“Again, ‘to live according to virtue’ is equivalent to living according to the experience of events which occur by nature, as Chrysippus says […]. For our natures are parts of the nature of the universe. Therefore, the goal becomes ‘to live consistently with nature,’ i.e., according to one’s own nature and that of the universe, doing nothing which is forbidden by the common law, which is right reason, penetrating all things, being the same as Zeus, who is the leader of the administration of things. And this itself is the virtue of the happy man and a smooth flow of life, whenever all things are done according to the harmony of the daimon in each of us with the will of the administrator of the universe.”

The aspect of this that seems most modern about this is the idea of living in accordance with one’s own nature. “The daimon within us” is not a demon, but the kind of minor divinity of the self who can aim to get along with Zeus, the controller of the universe. And this idea of being true to oneself – living in line with our own nature – is expressed in other, practical ways. Cicero, summarising the teachings of the Stoics for the Romans, gives an example (also alluding to the use of “eurhoia” in rhetorics as smoothly flowing speech which would have been important for him, the master orator) :

If anything at all is fitting, then nothing is more fitting than a smooth flow of life as a whole and of individual actions; and you cannot preserve this if you neglect your own nature and imitate that of other people. For just as we should employ the style of speech that is familiar to us to avoid being quite justifiably ridiculed like certain people who drop in Greek words all over the place, so too we should not admit any inconsistency into our actions and our general way of life…

None of this means that we should lazily submit to the thought that it’s just our fate to have certain things happen to us, or it’s just our nature that we are a certain way. The dog still has to pull the cart. It is doing hard work – happily – to get where the master wants it to go. And the inner “daimon” is managing the flow of the self, as a microcosm of the flow of the universe managed by Zeus. That self isn’t fixed. It is in movement. It just flows more smoothly and pleasantly when it goes with the flow of overall destiny.



Useful Concepts – #12 – Happiness Again

The other day I met up with a former colleague. I say “former colleague” but maybe “friend” would be a better word. Not that he’s a close friend. I know very little about what goes on in his life. But I’ve worked with him for long enough to know his strengths and for him to know my weaknesses, our views of the world overlap to a significant enough extent and we can tap into each other’s sense of humour easily enough. He’s one of those people who are very good at being rude (honest) to me but with enough underlying sarcasm and politeness that it’s easy to take. So  I wasn’t surprised that he suggested somehow that I probably spend too much time blogging and promoting my blog on social media.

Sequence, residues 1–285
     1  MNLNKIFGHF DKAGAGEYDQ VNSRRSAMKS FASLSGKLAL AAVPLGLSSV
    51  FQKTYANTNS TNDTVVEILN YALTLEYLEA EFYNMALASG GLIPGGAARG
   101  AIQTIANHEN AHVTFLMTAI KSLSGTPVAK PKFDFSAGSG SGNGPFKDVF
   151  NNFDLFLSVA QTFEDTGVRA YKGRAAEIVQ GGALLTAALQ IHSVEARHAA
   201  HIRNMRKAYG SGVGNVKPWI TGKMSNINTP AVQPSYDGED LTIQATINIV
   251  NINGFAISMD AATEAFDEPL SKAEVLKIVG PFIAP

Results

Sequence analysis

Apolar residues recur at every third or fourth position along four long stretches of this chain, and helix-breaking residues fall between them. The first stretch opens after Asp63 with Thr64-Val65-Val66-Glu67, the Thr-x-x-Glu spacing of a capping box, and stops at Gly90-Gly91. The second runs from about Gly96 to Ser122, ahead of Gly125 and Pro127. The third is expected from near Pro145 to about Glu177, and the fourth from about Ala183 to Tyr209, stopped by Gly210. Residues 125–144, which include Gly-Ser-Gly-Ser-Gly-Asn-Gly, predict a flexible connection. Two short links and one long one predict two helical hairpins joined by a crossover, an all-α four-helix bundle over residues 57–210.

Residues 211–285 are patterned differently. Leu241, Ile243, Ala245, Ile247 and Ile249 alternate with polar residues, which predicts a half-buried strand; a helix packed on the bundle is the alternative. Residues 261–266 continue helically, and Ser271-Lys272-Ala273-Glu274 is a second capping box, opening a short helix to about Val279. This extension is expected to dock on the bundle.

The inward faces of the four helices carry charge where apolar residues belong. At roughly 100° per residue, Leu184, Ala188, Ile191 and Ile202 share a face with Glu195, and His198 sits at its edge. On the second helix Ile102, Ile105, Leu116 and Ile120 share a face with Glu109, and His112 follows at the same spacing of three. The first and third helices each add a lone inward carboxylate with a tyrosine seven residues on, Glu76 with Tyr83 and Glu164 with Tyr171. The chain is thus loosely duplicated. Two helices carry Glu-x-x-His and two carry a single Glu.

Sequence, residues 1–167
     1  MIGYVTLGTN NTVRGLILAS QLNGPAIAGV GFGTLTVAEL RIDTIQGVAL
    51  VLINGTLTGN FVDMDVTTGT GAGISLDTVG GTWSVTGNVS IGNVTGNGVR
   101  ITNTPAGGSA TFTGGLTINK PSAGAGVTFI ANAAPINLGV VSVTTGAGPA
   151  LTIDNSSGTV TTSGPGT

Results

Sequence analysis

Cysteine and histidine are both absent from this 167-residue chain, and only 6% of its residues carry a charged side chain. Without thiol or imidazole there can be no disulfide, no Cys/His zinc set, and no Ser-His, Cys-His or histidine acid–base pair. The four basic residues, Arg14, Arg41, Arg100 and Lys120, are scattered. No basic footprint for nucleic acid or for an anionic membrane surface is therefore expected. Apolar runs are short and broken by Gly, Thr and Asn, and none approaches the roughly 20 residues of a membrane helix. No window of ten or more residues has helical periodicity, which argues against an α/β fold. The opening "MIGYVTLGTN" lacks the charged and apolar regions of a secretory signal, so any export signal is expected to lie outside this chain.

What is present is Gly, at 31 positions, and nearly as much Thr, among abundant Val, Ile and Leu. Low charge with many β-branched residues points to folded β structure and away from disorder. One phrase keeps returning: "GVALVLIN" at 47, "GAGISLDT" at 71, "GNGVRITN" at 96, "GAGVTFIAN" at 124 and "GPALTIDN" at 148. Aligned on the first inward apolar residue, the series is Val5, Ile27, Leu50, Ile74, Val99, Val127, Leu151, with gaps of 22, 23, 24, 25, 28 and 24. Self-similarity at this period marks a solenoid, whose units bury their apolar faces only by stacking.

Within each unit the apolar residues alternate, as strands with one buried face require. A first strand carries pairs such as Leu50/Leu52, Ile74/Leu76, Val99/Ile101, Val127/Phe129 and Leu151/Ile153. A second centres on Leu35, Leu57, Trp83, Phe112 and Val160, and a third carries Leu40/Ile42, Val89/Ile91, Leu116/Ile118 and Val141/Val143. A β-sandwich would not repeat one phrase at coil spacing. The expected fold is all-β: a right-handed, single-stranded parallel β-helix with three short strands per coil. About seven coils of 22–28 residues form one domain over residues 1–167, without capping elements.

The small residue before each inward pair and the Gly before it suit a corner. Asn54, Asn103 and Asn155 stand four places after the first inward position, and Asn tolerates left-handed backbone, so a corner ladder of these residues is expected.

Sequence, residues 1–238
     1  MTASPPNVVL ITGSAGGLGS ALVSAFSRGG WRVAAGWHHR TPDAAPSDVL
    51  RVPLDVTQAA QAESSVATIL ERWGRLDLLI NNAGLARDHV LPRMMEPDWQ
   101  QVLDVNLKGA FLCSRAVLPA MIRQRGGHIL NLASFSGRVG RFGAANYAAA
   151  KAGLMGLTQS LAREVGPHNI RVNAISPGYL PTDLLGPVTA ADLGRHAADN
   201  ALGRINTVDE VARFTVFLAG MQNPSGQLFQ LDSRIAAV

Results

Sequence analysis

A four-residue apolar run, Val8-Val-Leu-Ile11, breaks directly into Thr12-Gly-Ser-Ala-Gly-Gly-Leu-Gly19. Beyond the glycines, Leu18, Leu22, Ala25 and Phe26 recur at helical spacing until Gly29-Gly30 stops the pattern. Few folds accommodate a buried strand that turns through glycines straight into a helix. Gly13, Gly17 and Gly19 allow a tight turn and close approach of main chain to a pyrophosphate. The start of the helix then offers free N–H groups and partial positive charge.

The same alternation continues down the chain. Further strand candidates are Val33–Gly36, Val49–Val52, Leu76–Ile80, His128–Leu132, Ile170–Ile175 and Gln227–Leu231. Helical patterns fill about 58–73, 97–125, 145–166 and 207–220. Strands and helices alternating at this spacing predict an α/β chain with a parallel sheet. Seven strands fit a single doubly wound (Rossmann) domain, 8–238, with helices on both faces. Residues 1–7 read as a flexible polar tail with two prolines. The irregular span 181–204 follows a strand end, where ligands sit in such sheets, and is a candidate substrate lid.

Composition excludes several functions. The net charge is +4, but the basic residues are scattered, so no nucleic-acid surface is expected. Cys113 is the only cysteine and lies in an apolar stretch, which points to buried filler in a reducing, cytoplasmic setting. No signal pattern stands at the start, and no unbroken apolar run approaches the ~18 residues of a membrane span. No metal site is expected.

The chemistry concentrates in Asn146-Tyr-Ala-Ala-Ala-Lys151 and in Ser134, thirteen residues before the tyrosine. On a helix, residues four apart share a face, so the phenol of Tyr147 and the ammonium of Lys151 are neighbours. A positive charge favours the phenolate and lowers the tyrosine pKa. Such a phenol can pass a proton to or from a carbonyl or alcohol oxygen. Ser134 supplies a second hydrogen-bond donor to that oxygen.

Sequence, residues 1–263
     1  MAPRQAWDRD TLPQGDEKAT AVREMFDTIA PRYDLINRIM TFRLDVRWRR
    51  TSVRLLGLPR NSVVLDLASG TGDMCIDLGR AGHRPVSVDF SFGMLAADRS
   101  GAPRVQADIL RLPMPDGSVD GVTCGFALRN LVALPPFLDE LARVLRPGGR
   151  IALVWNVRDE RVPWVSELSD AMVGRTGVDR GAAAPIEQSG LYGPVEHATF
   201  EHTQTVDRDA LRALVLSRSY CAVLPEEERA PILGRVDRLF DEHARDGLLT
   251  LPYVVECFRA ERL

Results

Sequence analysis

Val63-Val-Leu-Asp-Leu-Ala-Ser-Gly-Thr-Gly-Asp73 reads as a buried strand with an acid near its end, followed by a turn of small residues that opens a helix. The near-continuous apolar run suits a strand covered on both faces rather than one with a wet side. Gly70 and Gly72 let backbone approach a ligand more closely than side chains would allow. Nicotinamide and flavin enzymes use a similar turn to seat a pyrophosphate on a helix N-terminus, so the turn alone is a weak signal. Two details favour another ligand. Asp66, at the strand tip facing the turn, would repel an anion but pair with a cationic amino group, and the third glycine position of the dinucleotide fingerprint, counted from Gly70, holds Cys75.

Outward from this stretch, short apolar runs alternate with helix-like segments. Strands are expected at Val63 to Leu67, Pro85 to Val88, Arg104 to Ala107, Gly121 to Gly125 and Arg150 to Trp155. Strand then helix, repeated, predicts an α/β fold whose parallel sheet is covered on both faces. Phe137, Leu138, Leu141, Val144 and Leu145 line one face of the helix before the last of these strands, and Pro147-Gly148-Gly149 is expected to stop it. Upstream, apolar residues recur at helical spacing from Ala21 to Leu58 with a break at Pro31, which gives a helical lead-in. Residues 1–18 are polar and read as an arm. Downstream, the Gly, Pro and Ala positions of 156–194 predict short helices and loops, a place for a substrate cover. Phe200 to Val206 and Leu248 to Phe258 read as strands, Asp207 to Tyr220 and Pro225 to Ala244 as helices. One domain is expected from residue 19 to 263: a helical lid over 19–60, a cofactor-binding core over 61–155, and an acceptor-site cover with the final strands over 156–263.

I gave my usual explanation, that I just wanted to get into a regular habit of writing, that I’ve spent too much time reading and thinking and not enough writing, and so on. He responded: “Really? I just thought you wanted to help.” As I couldn’t work out whether he was making fun of me or whether he was getting at the truth, I decided he was probably doing both. (Who says Socratic irony is dead?). “Help make the world a better place?” I asked. He confirmed that that was indeed his take on what I was trying to do. We both smirked at the hopeless idealism and immodest ambition in that alleged motive and I changed the subject.

But yes, I guess in truth I would like to help. Ideally, if I’m honest, I would like each of my little blog posts to be a “transformational object” for its readers. And one of the ways I would like to help is by getting at happiness and what that means for human beings. It was probably no coincidence that my first post was on the subject of happiness. There was a time when I was obsessed with the concept and given my personality type and preferences that meant getting at it intellectually rather than through practice, trial and error. I first got into it by studying ethics and learning that there are lines of inquiry that are not so just about working out what the right actions would be in given situations, but about having a vision of the good life for human agents and giving them a way to navigate their way through a hazardous world where much is out of their control.

A bit later I worked as a civil servant on sustainable development. And as it happened, this work again brought me back to my obsession with happiness, wellbeing, the good life, or quality of life. (Happiness was given other names in order to make it respectable for government to show an interest in it.) I was able to play a minor role in developing government indicators of wellbeing, funding research of people like Professor Paul Dolan who has since published his bestselling “Happiness by Design: Finding Pleasure and Purpose in Everyday Life” and participating a bit (always at a slight distance as a grey-suited civil servant)  in Professor Tim Jackson’s work for the Sustainable Development Commission which led to his classic “Prosperity without Growth: Foundations for the Economy of Tomorrow.” (How little he enjoyed his interaction with government is the subject of a new preface to the second edition.)